FIG. 4 is a partial cross-section illustrating a second embodiment of the rotor adjustment mechanism shown in FIG. 3;
FIG. 5 is an isometric view of the prior art segmented stator assembly shown in cross section in FIG. 3;
FIG. 6 is an isometric view of the prior art segmented rotor and hub assembly shown in cross section in FIG. 3;
FIG. 7 is an isometric view of the fine grind ring shown in cross section in FIG. 3;
FIG. 8 is a partial cut-a-way isometric view of the casing cover, stator plate, and segmented stator illustrating breaker bar location;
FIG. 9 is a partial exploded isometric view of the principle elements of the preferred embodiment;
FIG. 9A is a continuation of the exploded view of the principle elements of the preferred embodiment illustrated in FIG. 9;
FIG. 10 is a partial cross section view of the preferred grinder embodiment with non-intermeshed stator-rotor assembly;
FIG. 11 is an enlarged partial cross-section view of the with non-intermeshing stator/rotor assembly illustrated in FIG. 10;
FIG. 12 is an enlarged partial cross-section second embodiment of the stator/rotor assembly;
FIG. 13 is an isometric view of the segmented non-intermeshing stator assembly;
FIG. 14 is an isometric view of the segmented non-intermeshing rotor and hub assembly;
FIG. 15 is a partial cross-section view of the preferred grinder embodiment with a third embodiment for the non-intermeshing stator-rotor assembly;
FIG. 16 is an isometric view of the third embodiment of the segmented non-intermeshing stator illustrated in cross-section in FIG. 15;
FIG. 17 is an isometric view of the third embodiment of the segmented non-intermeshing rotor illustrated in cross-section in FIG. 15;
FIG. 18 is a partial isometric view of a fourth embodiment of the segmented non-intermeshing rotor and stator illustrated in FIG. 16 and 17;
FIG. 19 is an isometric view of a fifth embodiment of the segmented non-intermeshing stator;
FIG. 20 is an isometric view of a fifth embodiment of the segmented non-intermeshing rotor;
FIG. 21 is a schematic diagram illustrating a process utilizing the preferred grinder embodiment for processing drill cuttings;
FIG. 22 is a schematic diagram illustrating a second process utilizing the preferred grinder embodiment for processing drill cuttings;
FIG. 23 is an exploded view of the rotor assembly and rotor plate illustrated in FIG. 9A;
FIG. 24 is an exploded view of the rotor shaft and quill assembly illustrated in FIG. 9A;
FIG. 25 is an exploded view of the drive assembly illustrated in FIG. 9A;
FIG. 26 is an exploded view of the case assembly Illustrated in FIG. 9A;
FIG. 27 is a partial cross section view of the preferred grinder embodiment with combination intermeshed stator shear ring assembly and segmented rotor assembly having teeth similar to that shown in FIG. 6;
FIG. 28 is an enlarged view of a portion of the cross section view in FIG. 3;
FIG. 29 is an exploded view of the mechanical seal and bearing assembly illustrated in FIG. 24;
FIG. 30 is a partial, cut-a-way cross section, isometric view of the mechanical seal and bearing assembly shown in FIG. 29 as assembled on the rotor shaft;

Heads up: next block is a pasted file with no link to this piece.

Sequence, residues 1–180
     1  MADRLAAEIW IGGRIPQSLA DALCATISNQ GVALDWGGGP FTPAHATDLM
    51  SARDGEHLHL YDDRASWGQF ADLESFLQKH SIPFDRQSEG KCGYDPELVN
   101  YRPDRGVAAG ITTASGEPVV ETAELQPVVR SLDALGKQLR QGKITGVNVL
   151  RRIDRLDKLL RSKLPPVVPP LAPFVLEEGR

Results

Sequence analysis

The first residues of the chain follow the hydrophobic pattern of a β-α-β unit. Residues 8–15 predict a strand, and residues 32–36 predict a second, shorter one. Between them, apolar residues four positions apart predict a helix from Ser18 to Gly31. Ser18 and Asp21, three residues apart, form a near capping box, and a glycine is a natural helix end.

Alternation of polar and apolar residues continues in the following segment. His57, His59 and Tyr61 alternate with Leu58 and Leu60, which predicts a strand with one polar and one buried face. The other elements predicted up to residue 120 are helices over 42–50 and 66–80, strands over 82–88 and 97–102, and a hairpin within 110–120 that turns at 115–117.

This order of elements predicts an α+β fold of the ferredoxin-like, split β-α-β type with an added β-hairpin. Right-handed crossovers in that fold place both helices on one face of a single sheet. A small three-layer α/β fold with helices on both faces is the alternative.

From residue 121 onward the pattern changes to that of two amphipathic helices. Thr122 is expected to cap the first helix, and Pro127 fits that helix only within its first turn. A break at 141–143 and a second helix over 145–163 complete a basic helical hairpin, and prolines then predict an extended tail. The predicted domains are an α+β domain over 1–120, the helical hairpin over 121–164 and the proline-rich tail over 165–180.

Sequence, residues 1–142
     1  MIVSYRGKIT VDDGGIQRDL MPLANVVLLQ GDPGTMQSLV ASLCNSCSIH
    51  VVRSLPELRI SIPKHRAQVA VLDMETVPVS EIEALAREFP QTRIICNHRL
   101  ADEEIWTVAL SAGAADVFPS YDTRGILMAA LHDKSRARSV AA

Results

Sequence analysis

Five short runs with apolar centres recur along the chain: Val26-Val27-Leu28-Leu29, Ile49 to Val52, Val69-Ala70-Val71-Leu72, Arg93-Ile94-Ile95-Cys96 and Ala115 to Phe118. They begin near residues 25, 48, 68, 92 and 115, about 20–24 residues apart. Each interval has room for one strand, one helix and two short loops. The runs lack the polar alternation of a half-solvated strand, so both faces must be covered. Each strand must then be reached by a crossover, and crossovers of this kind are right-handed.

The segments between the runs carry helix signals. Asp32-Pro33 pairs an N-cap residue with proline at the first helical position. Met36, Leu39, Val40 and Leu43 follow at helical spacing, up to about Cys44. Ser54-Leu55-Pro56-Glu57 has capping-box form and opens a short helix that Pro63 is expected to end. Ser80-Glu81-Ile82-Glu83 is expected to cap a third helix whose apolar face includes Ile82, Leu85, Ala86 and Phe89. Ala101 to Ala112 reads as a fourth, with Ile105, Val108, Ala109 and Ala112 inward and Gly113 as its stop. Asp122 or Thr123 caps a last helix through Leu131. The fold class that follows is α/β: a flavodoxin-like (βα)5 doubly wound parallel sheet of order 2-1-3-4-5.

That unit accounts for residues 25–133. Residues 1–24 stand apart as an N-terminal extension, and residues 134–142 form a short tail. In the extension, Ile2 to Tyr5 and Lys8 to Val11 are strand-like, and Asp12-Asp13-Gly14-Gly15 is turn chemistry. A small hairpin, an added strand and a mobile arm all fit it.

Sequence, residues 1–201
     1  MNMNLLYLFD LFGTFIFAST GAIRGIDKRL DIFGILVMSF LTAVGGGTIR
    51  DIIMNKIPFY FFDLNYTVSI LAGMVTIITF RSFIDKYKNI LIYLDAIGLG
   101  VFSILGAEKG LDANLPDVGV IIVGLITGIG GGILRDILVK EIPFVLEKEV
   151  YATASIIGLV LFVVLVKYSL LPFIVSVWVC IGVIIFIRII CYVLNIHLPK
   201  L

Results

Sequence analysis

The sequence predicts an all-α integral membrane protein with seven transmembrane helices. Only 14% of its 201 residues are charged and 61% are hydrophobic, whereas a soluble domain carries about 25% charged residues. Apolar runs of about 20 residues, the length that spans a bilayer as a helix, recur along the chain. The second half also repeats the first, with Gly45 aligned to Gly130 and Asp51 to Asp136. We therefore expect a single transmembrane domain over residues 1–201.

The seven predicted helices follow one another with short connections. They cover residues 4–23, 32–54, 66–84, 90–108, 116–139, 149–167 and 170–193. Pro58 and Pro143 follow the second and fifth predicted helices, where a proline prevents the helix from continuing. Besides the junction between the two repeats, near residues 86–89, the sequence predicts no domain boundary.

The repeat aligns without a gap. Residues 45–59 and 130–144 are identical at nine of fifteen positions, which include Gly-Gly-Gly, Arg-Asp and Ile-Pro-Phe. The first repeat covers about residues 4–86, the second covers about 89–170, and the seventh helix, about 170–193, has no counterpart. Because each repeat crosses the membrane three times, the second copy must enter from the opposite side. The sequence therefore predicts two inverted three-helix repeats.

FIG. 31 is a segmented stator shear ring assembly;
FIG. 32 is a segmented rotor having teeth cooperative with teeth and rings of FIG. 31;
FIG. 33 is a detailed isometric view of a tooth segment illustrated in FIG. 31; and
FIG. 34 is a detailed isometric view of a ring segment illustrated in FIG. 31.
In the description which follows, like parts are marked throughout the specification and drawing with the same reference numerals, respectively. The drawing figures are not necessarily to scale and certain features may be shown in schematic form in the interest of clarity and conciseness.
The in-line grinder 10 shown in FIG. 1 includes a casing 12 and a grinding chamber housing 1,1 better seen in FIG. 2, which houses the segmented stator and rotor assemblies 14,16 shown in FIGS. 5 and 6 and disclosed in the prior art or variations thereof illustrated in FIGS. 13-20, which collectively accomplish product size reduction as required. The casing 12 is generally supported by a mounting frame member or base portion 13. The stator/rotor assemblies are accessed through the removal of the casing cover 18 via bolts 17, which is supported by a pivot arm 24. The position of the rotor assembly 14 relative to the stator assembly 16 is adjusted through the use of a hydraulic actuator mechanism 26 located at the top of the casing 12. The hydraulic actuator 26 is also supplied with a pressure relief valve 28 on the opening side of the cylinder 26 so that the rotor assembly 16 can instantaneously move away from the stator assembly 14 in the event that the grinder 10 ingests a solid object of a size larger than the presetting and which it cannot shear. The pressure relief valve 28 can be adjusted to relieve at any setting desired as a means of tailoring the machine to individual applications. Further, the minimum gap and maximum gap which can be achieved between the stator assembly 14 and rotor assembly 16 can be manually set through adjustment of the stop gap set screws 30 shown adjacent the hydraulic actuator 26.
In operation, coarse solids slurried in liquid are introduced by pump into the suction port 20 located at the center of the casing cover 18. Sized solids are discharged through the outlet port 22 located at the top of the grinding chamber housing 11 adjacent the stator/rotor assemblies 14, 16 and at a right angle to the suction port 20. The rotor assembly 16 is rotated relative the stationary stator assembly 14 via an input shaft 32 which extends beyond the casing 12 and driven by a prime mover such as a motor. Casing vent 32, grease zerk 36 and oil cup 38 are also provided for ventilation and lubrication of the sliding and rotating components within the case 12.